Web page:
ISO Must Improve Their Hydrogen Methodology and Add Climate Safeguards

Changes are needed to prevent greenwashing and help facilitate a global market for truly low-emissions hydrogen and hydrogen derivatives.

In December of last year, I was in Dubai to witness the launch of the International Organization for Standardization (ISO’s) Technical Specification for Hydrogen Emission at COP28. This was accompanied by a Declaration of Intent on Mutual Recognition of Certification Schemes for Renewable and Low-Carbon Hydrogen and Hydrogen Derivatives, signed by the U.S. and three dozen other countries. This is a big deal. It signals firm intent by signatory countries to start building the foundations for a global market for the trade of clean hydrogen and its derivatives like steel or ammonia—and they plan on doing so by first enabling the interoperability of different hydrogen standards around the world. ISO want their standard to play a role in that cooperation. However, despite the fanfare, the product released by ISO, which is currently under development into an ISO standard, lacks key environmental considerations and guardrails and is liable to be used to greenwash hydrogen that is not as clean as is claimed. 

The role of international standards

ISO is an international non-governmental organization that develops standards for products and processes that aim “to make lives easier, safer and better.” For example—the special sunglasses you likely used to view the solar eclipse last month should have been made to comply with ISO 12312-2, ISO’s standard for safe eyewear for direct observation of the sun. The standards that ISO develops, by consensus between the national standards bodies that make up its constituent members, can offer reassurance that a product or process meets certain requirements, such as protecting your eyes from the sun.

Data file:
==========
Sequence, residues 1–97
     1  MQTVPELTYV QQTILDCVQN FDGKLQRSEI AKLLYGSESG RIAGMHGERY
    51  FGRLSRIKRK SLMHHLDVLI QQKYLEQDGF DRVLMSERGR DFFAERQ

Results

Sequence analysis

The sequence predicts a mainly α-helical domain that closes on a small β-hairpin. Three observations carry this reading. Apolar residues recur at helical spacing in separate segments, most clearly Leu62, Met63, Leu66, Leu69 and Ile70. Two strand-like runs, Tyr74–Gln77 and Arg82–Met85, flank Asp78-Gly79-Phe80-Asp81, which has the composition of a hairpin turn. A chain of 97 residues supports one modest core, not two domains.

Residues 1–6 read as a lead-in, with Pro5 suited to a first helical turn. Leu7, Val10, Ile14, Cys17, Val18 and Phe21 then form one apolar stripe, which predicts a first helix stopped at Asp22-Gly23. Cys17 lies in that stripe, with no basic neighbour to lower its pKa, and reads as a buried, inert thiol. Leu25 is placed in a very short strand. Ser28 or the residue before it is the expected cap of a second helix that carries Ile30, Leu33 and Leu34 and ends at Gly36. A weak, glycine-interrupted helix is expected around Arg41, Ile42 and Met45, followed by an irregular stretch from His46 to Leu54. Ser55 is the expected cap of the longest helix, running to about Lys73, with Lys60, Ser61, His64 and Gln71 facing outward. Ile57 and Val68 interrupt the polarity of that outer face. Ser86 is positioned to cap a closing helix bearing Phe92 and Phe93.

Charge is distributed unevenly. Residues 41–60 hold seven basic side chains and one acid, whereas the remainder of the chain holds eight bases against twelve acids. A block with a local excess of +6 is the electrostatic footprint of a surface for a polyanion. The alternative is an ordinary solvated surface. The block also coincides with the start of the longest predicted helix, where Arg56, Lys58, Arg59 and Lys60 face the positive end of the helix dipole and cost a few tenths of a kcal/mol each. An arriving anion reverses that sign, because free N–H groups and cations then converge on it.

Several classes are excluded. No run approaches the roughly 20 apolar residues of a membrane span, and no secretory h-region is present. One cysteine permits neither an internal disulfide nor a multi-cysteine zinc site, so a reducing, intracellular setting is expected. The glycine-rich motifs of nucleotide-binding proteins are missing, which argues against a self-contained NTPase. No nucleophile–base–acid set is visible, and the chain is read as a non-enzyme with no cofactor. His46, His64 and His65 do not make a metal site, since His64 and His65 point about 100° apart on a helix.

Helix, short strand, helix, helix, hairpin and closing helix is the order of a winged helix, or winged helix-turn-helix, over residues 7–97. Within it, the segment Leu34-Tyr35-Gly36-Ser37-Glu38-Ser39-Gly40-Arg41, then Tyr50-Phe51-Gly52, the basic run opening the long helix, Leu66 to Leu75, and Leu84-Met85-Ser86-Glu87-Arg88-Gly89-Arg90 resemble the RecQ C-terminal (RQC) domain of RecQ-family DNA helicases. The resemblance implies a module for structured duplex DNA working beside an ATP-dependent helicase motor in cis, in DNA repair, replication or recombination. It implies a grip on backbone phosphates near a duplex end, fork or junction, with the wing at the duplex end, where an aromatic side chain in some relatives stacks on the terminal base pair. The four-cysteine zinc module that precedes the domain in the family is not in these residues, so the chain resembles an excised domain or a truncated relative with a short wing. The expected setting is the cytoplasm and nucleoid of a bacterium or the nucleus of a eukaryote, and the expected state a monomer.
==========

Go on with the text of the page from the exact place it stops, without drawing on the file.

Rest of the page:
The ISO methodology for measuring hydrogen emissions needs a revamp

Recently, ISO have turned their attention to hydrogen and the question of how to assess the greenhouse gas (GHG) impact of its production and use. In this case, the ISO are developing a standardized way to do this calculation or assessment of hydrogen’s GHG impacts. But ISO is emphatically not designing a certification scheme for what should qualify as “clean”, “green” or “low carbon” hydrogen, nor what kind of level of GHG impacts are acceptable for hydrogen to be part of the transition to a net zero GHG emissions world. These questions are much more likely to be tackled by national legislation or trade agreements than by voluntary standards produced by the ISO. 

Nonetheless, there is a clear benefit to different participants in the emerging global clean hydrogen market all using the same “measuring stick” to compare the impact of their products on a like for like basis, in order to facilitate a market for truly clean, low-carbon hydrogen and its derivatives. For that reason, it is important for ISO to reconsider some key aspects of their methodology and ensure that their “measuring stick” is capturing an accurate record of hydrogen’s impacts. Cooperation on standards is only positive for the climate if those standards are robust and accurately capture the emissions impacts of hydrogen production. 

Summary of our recommendations for ISO: transparency and accuracy